Out of the box Kaseya provided us with two policies.
Daily Wkst Schedule for 10+ Patches (Auto Update M-F 6am-6pm/Power Mgmt) - Applies Daily Auto Update schedules to Workstation Patching Policy members that are missing 10 or more approved patches. Auto Updates are scheduled M-F each week from 6am-6pm. This policy is generally used when customers have machines that are missing quite a few patches and they want to get those systems up to date over the course of days rather than weeks or months. Once the machines are patched, then they will not need to be patched on a daily basis anymore. Auto Updates are performed in the daytime to handle customers where machines are generally powered off at night, but the power management option is enabled on these schedules so that any machines powered off during the day can be woken up prior to performing these operations.
Weekly Wkst Schedule (Scan Tu 6am-6pm/Auto Update W 6am-6pm/Power Mgmt) - Applies Weekly Patch Scan and Auto Update schedules to Workstation Patching Policy members. Patch Scans are scheduled on Tue of each week from 6am-6pm and Auto Updates are scheduled on Wed of each week from 6am-6pm. This policy is generally used when customers want to take a more aggressive approach to patching to help minimize risk due to machines not being patched and thus want new patches deployed relatively quickly to machines. Auto Updates are performed in the daytime to handle customers where machines are generally powered off at night, but the power management option is enabled on these schedules so that any machines powered off during the day can be woken up prior to performing these operations.
I'm looking for suggestions/recommendations on best practices; I would like to go with one policy that will scan computers on a daily basis and perhaps install updates once or twice a week. I'm a bit confused with the two policies above and hoping someone could clarify this up a bit for me. Thanks.
The built-in policies are just an example or a suggestion - you're free to create your own as you see fit, there is no right or wrong, only what you want to achieve.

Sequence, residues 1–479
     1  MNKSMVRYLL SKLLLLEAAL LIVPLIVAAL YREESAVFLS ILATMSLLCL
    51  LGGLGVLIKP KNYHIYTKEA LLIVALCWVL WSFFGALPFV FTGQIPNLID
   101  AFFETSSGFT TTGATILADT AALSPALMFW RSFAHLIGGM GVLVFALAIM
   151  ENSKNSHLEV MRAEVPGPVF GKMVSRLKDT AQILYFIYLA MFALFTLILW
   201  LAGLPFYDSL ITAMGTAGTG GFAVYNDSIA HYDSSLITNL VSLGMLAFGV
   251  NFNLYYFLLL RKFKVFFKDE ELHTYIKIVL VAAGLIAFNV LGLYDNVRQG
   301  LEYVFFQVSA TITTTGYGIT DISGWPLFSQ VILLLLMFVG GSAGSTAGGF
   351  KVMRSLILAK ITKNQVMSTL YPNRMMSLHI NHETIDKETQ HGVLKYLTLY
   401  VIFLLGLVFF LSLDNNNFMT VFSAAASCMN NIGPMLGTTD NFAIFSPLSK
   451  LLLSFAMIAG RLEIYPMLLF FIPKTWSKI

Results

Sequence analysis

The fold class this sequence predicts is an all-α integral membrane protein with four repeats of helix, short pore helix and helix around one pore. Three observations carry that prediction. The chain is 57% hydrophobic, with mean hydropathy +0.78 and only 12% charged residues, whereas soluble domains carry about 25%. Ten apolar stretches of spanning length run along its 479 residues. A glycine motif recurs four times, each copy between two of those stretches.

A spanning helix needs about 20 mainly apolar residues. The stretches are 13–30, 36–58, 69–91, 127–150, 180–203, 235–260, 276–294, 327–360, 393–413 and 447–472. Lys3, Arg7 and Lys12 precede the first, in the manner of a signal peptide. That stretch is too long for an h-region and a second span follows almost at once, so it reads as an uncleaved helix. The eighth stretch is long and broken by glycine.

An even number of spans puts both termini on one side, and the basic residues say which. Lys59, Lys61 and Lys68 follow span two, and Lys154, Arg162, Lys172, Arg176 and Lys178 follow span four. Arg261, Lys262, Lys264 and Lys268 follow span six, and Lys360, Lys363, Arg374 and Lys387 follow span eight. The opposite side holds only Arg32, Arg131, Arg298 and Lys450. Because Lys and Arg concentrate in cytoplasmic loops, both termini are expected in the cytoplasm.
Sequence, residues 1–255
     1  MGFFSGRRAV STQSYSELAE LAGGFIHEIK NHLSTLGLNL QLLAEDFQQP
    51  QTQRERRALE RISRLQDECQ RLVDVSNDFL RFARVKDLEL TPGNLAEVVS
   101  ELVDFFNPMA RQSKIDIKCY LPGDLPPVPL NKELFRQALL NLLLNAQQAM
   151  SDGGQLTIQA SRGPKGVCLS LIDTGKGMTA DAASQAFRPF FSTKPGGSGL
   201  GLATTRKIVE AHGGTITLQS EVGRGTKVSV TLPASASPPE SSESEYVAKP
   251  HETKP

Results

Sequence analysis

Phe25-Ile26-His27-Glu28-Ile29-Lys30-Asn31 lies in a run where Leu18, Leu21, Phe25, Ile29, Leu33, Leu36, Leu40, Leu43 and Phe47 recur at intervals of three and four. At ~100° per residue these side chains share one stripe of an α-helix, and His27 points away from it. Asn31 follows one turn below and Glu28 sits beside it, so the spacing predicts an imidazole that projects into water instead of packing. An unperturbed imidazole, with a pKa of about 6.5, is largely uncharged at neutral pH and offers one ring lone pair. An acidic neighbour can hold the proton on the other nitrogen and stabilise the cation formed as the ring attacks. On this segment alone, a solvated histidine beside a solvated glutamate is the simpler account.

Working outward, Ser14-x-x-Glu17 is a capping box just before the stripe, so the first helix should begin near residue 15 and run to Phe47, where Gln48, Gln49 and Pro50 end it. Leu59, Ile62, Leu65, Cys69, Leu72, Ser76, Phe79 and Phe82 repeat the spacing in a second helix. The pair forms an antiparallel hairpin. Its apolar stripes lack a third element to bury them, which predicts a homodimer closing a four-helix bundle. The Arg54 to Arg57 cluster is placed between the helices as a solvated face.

We patch workstations daily and try to apply every missing patch; for some clients this happens at night, whereby we wake-on-lan any machine that needs patching; those that fail we skip and try again the next day. For other clients, they patch as soon as the machine next comes online, regardless of time of day or user disruption.
For servers, we patch terminal servers and other noncritical boxes once a month the sunday after 'patch tuesday' at 4am. For other servers, we patch manually as a general rule, we have agreed maintenance windows with clients that can and do get rescheduled, so we just program the patch schedule accordingly each month.
The key thing here, is not to get hung up trying to understand the logic behind the sample patch process.....just throw it away if you don't like it and do your own thing --- which you determine by discussion with your clients and reference to whatever other standards and processes you need to reference e.g. ITIL, change management framework, SLAs, required uptimes, etc.
Perhaps the first thing to do is to understand that a maintenance window IS necessary, and thus open a dialog with your client about WHEN that can be -> and let the discussion travel from there to our patch approval policy, what happens if patches fail, what happens if the patch window is missed (e.g. machine off & wont wake), whats the tolerance level for out-of-compliance machines and how do you report that internally and to the client, that sort of thing.
Thanks for the feedback Craig; it's insightful and appreciated.
I'm confused between scanning and updating. Should the policy include a scan followed by an update? Or could I just set the policy to install updates? Do scan and update go hand-in-hand? Thanks!
Frankie You must scan in order to have something to patch. I would suggest scanning on a regular basis, either daily, or every few days. The updating can be done as you wish.
We patch workstations every day. Remember that 29 days out of the month there should be nothing for it to do, but just in case there is an out-of-band patch, we want to have it pushed out. We try to get our clients to leave their machines on at night, and for laptops we patch in the late afternoon.
Servers is "to each his own" - We apply server updates every Sunday in the wee hours, and reboot immediately. You know your clients, and the urgency and dependency of machines, so there is not 1 policy that is good for everyone. When I talk to new partners, I always suggest to let automation have a chance.
We do have a patch training session we did on our ClubMSP site (clubmsp.com/.../kaseya-patch-management-full-course), there is no registration or membership required to view this one.
The purpose of Scanning, is to determine what updates are required. We scan daily. This is a nonintrusive process for the user and can be run any time.
Updating is the process of installing the patched that the scan identified as required (and you have approved for installation via patch policy).
1. Build a patch policy for your machines (patch policy - create)
1a. make machines a member of that patch policy (patch policy - membership)
1b. disable automatic windows updates so only your rules apply (configure - windows auto update)
2. scan machines to determine required patches
2a. approve or deny those patches as required (patch policy - approve by policy or by patch)
3. apply patches s you see fit - in most cases by scheduling a automatic update